THQ buys Melbourne games developer Blue Tongue

By Sarah Stokely

From The Beer Files, 18 November 2004

Melbourne-based computer game developer, Blue Tongue Entertainment has been acquired by American games publisher and developer THQ. The purchase of privately owned Blue Tongue was for “a six figure” sum, according to THQ’s vice president of product development for Asia Pacific, Steve Dauterman.

NASDAQ listed THQ, which has a market cap of more than US$800 million, plans to take on board all of Blue Tongue’s staff, which is around 45 people, said Dauterman. “We don’t plan on changing anything,” he said. Blue Tongue, best known for its work on the Starship Troopers and Jurassic Park games, would continue to develop two cross-platform releases slated for release in late 2005, he said.

Blue Tongue had been working on THQ projects for about 14 months, which led to the acquisition decision, said Dauterman. Blue Tongue was founded in 1995, and has developed games for PS2, Xbox and Nintendo GameCube.

The acquisition doubles THQ’s Australian employee base. But the company wasn’t planning on amalgamating Blue Tongue with its current Brisbane operation, said Dauterman. It intends to keep its 45-strong development team in Brisbane working on separate projects.

“Brisbane and Melbourne have become the two centres of game development in Australia and it allows us to share resources and technology between the teams,” said Dauterman. The ability to draw on a pool of talent from both cities was also a drawcard, as THQ hoped to hire another 50 developers for its Australian business over the next three years, said the THQ vice president.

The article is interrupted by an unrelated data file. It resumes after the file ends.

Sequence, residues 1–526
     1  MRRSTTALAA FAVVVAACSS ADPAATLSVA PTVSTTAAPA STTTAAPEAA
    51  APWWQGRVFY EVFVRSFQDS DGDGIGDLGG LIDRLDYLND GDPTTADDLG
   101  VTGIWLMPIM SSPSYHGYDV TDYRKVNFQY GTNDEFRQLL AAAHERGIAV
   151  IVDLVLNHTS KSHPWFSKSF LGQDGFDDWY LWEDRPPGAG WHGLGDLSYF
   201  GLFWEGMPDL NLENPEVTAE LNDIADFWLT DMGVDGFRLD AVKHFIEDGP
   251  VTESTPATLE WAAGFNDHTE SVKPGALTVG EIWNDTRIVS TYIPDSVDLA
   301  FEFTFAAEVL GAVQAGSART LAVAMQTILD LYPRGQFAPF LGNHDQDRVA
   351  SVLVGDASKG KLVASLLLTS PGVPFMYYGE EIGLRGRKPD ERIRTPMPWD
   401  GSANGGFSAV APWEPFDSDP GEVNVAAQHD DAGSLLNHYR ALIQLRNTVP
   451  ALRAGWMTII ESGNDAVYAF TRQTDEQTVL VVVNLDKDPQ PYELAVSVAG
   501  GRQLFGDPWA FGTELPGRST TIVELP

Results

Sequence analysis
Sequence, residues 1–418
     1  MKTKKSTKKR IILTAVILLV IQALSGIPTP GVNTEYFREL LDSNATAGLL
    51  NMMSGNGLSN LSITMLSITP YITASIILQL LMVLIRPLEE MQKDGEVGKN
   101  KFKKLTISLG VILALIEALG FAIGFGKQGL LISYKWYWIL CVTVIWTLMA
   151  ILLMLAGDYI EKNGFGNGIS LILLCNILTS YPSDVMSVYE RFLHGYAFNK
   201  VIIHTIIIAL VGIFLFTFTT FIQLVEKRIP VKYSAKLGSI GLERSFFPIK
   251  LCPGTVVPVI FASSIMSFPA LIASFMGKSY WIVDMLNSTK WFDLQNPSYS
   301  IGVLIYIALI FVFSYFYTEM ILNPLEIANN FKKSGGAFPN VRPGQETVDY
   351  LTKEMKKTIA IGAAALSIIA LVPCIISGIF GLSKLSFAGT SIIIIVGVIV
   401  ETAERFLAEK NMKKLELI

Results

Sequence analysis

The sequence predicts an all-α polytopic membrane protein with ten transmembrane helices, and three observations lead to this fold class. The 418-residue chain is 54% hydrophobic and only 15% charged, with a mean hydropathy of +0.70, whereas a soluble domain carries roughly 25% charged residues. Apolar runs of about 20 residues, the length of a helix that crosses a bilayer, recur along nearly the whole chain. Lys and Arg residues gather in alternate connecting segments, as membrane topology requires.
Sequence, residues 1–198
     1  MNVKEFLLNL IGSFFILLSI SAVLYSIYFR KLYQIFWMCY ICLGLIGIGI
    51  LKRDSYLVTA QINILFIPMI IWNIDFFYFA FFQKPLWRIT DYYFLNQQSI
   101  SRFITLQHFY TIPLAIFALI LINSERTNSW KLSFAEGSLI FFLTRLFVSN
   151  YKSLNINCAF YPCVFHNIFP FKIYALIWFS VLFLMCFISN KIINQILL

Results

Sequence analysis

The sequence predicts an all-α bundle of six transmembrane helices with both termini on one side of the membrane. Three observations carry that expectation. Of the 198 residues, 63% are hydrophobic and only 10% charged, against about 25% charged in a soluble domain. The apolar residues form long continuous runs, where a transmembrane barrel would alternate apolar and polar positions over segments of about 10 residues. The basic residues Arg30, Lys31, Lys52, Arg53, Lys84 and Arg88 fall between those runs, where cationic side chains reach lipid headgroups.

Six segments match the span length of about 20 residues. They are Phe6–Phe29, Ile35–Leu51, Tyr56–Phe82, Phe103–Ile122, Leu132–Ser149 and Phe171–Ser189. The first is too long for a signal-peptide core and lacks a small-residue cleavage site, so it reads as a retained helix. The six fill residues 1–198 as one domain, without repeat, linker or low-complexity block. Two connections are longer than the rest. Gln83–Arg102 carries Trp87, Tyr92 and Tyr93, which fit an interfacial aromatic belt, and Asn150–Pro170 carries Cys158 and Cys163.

The most recent joint venture between THQ and Blue Tongue hit game stores last week. The jointly-developed Polar Express game was released last week for the PC, PS2, and Nintendo GameCube platforms.

THQ would “keep its eyes and ears open” for further Australian investment opportunities, although nothing specific was on the horizon, said Dauterman. THQ also has development teams in the US, Canada and the UK.

The Victorian Government’s history of support and incentives for the games industry had been another reason to maintain a presence in Melbourne, said Dauterman. Blue Tongue has received financial support from a number of government projects and grants including the Multimedia Victoria project, and the Trade Fairs and Missions program, said Blue Tongue’s chief operating officer Andrew Heath.

“We have a fantastic relationship with the State Government and Melbourne City Council, said Heath. “They recognise the positive environment we’ve created in terms of job creation and general innovation.”


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